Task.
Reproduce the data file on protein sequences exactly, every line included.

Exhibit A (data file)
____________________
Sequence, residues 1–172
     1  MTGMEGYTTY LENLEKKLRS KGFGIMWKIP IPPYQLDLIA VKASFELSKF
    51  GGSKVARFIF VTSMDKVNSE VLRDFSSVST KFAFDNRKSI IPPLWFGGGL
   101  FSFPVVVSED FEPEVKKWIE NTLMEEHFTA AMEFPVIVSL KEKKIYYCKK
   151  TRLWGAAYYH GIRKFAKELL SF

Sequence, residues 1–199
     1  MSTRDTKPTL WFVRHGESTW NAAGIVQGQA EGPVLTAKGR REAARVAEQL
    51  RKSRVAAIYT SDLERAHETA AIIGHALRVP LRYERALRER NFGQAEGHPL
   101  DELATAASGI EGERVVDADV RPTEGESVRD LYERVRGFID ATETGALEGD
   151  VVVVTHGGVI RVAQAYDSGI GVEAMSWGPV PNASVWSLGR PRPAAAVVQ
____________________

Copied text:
Sequence, residues 1–172
     1  MTGMEGYTTY LENLEKKLRS KGFGIMWKIP IPPYQLDLIA VKASFELSKF
    51  GGSKVARFIF VTSMDKVNSE VLRDFSSVST KFAFDNRKSI IPPLWFGGGL
   101  FSFPVVVSED FEPEVKKWIE NTLMEEHFTA AMEFPVIVSL KEKKIYYCKK
   151  TRLWGAAYYH GIRKFAKELL SF

Sequence, residues 1–199
     1  MSTRDTKPTL WFVRHGESTW NAAGIVQGQA EGPVLTAKGR REAARVAEQL
    51  RKSRVAAIYT SDLERAHETA AIIGHALRVP LRYERALRER NFGQAEGHPL
   101  DELATAASGI EGERVVDADV RPTEGESVRD LYERVRGFID ATETGALEGD
   151  VVVVTHGGVI RVAQAYDSGI GVEAMSWGPV PNASVWSLGR PRPAAAVVQ